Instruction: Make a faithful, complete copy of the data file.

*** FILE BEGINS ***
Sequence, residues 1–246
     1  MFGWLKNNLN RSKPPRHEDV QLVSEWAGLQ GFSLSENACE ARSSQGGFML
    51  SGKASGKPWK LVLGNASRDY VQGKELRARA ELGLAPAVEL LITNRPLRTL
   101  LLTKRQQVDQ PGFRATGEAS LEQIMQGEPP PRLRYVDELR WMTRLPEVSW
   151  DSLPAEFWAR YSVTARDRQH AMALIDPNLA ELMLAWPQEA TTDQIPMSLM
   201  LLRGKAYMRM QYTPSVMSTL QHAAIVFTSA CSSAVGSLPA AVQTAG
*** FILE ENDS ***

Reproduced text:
Sequence, residues 1–246
     1  MFGWLKNNLN RSKPPRHEDV QLVSEWAGLQ GFSLSENACE ARSSQGGFML
    51  SGKASGKPWK LVLGNASRDY VQGKELRARA ELGLAPAVEL LITNRPLRTL
   101  LLTKRQQVDQ PGFRATGEAS LEQIMQGEPP PRLRYVDELR WMTRLPEVSW
   151  DSLPAEFWAR YSVTARDRQH AMALIDPNLA ELMLAWPQEA TTDQIPMSLM
   201  LLRGKAYMRM QYTPSVMSTL QHAAIVFTSA CSSAVGSLPA AVQTAG